I see the convenience of setting the denominator "not equal" to zero. However, the math represented here is a little flawed.

What we know is the zero product property:

We also know that the inverse of this property holds:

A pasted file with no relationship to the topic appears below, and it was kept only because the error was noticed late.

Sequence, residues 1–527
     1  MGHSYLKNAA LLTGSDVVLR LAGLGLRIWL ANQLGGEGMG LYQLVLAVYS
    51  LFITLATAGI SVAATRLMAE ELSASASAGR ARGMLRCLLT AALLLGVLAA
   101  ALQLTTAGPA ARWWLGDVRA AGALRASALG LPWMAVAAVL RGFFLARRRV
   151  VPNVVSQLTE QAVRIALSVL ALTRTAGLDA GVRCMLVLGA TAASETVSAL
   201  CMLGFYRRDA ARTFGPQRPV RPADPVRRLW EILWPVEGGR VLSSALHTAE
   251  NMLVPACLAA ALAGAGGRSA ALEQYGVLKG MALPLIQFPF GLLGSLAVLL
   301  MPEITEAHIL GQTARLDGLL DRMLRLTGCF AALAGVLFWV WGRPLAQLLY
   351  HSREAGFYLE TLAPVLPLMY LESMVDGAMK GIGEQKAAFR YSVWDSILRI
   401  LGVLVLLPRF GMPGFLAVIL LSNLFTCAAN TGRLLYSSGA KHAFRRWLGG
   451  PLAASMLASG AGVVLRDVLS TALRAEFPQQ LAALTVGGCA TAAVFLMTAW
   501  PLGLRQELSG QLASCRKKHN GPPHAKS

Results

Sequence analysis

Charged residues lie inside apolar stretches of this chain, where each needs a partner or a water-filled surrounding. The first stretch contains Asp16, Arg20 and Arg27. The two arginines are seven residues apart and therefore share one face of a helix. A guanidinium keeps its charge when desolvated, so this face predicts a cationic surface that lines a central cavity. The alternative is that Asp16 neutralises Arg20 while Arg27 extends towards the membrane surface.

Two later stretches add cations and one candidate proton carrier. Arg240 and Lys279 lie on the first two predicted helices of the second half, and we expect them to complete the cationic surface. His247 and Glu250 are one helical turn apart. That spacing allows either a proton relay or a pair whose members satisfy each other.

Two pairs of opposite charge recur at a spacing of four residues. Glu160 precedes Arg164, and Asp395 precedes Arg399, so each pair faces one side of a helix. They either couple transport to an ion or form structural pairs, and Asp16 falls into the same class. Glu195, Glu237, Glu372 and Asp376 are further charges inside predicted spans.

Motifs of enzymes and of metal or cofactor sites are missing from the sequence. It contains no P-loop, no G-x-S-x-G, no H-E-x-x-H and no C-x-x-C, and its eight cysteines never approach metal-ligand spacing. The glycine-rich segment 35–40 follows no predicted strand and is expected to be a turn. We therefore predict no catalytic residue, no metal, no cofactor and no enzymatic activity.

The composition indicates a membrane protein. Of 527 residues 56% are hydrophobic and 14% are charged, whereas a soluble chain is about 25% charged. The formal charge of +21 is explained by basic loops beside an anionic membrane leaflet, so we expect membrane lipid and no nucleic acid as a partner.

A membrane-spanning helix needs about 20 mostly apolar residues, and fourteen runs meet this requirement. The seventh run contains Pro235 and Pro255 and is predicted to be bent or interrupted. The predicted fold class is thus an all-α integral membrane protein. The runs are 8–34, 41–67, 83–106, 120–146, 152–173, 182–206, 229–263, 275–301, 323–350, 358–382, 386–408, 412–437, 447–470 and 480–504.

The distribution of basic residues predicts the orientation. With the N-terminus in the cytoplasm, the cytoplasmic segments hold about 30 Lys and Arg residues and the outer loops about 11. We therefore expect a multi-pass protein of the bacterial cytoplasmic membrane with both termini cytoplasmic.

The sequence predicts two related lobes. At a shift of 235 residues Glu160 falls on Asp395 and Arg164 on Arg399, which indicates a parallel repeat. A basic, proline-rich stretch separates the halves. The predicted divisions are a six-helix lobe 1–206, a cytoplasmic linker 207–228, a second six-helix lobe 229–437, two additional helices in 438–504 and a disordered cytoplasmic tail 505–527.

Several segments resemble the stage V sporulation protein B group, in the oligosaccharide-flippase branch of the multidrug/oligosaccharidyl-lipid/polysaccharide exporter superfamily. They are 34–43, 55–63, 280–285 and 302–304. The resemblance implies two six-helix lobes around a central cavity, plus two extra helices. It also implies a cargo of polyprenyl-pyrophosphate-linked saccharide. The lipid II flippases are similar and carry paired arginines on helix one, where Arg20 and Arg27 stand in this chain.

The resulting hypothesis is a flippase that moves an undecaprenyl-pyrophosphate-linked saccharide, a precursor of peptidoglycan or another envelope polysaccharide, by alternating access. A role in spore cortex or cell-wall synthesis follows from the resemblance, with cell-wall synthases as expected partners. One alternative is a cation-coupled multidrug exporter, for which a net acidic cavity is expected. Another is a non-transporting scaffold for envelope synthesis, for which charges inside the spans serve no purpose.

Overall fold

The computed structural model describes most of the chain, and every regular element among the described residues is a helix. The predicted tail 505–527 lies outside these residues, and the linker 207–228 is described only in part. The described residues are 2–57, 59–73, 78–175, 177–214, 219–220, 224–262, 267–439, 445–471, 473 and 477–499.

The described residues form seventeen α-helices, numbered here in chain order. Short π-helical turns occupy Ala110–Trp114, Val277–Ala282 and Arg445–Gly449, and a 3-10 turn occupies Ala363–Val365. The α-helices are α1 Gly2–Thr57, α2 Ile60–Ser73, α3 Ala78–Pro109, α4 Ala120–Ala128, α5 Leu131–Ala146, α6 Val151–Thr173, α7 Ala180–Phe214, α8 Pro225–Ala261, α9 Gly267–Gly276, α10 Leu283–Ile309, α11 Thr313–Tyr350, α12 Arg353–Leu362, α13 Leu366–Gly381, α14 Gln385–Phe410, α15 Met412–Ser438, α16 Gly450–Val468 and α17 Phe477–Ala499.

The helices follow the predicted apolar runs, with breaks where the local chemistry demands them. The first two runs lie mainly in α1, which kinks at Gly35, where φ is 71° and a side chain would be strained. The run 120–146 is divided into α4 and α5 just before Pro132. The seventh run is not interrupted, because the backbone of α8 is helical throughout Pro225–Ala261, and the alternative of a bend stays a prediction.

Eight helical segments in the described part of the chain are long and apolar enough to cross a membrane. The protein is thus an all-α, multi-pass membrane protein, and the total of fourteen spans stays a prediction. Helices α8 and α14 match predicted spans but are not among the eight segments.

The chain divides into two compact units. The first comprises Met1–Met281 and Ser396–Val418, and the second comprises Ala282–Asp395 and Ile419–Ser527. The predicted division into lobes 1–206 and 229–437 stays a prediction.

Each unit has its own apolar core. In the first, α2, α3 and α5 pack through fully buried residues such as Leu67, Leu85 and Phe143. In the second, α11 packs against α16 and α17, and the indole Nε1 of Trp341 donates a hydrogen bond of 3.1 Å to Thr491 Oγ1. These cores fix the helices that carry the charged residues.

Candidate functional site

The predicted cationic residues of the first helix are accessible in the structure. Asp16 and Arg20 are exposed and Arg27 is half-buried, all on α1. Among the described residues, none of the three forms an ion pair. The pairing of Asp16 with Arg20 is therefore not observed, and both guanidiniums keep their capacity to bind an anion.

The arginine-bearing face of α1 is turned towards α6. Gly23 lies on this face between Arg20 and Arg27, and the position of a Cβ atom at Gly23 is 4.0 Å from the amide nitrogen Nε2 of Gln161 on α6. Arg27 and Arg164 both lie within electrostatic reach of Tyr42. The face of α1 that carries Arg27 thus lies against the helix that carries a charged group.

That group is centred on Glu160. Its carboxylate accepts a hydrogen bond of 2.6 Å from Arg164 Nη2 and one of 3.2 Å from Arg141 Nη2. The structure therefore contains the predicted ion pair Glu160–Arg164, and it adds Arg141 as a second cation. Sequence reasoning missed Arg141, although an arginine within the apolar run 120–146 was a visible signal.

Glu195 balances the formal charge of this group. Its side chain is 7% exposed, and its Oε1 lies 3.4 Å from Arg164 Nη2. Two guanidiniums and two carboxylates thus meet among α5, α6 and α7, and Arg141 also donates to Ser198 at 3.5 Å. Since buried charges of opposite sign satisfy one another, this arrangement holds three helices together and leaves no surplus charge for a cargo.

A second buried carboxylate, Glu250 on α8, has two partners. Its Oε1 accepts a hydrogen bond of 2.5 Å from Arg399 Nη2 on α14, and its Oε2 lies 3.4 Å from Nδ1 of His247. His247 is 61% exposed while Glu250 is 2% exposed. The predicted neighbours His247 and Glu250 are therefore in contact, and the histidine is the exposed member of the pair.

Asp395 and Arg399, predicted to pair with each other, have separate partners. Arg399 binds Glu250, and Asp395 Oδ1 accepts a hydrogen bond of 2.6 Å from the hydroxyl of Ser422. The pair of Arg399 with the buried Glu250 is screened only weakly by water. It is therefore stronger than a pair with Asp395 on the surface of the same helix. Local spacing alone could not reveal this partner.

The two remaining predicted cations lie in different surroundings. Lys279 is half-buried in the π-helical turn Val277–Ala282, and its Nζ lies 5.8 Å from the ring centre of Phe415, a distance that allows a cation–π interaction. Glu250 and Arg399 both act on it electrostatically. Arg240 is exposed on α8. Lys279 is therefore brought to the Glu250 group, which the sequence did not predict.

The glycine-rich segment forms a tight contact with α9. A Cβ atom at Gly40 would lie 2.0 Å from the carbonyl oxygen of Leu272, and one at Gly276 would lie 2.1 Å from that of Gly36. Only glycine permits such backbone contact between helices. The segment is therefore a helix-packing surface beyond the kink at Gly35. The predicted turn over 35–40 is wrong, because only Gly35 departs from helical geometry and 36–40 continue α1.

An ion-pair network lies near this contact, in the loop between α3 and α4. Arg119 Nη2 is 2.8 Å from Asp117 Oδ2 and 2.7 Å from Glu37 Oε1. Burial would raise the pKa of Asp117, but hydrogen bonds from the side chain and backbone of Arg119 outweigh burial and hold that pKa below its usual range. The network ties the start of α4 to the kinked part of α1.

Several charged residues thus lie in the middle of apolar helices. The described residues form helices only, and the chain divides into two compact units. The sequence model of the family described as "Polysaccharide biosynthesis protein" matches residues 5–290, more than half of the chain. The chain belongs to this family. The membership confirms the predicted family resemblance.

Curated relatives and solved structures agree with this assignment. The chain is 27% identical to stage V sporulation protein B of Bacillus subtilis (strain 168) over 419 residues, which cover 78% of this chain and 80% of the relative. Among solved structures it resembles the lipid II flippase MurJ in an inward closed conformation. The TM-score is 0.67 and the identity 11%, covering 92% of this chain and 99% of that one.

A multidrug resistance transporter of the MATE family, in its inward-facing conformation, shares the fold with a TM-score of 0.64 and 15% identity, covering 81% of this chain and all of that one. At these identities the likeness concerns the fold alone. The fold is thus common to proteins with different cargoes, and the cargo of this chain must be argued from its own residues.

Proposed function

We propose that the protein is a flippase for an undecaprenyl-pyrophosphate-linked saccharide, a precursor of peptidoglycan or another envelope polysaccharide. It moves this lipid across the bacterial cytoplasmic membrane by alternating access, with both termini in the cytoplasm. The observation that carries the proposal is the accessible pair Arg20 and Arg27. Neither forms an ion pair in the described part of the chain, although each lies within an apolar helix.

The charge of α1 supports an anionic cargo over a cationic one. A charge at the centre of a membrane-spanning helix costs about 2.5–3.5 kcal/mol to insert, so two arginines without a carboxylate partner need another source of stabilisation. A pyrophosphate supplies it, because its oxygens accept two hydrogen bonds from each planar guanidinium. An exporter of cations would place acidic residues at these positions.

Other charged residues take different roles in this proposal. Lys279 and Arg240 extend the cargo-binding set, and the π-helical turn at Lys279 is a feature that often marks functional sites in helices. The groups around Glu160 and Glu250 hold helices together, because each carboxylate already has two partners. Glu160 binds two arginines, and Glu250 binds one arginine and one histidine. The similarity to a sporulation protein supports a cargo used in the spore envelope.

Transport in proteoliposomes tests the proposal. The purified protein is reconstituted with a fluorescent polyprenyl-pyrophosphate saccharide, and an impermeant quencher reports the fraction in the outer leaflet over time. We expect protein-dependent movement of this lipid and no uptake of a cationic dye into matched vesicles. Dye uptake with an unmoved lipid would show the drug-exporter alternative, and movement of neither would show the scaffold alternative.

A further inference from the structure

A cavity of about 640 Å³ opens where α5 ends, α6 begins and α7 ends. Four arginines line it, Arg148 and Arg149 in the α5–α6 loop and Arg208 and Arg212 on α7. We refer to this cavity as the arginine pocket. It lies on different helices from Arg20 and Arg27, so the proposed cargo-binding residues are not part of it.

In other words, when the product is not equal to zero, we need

**both**factors to be different from zero.

So, when we teach domains of rational functions like the example above, we're getting a more restrictive domain than necessary.

That's my nitpicky rant for the day.

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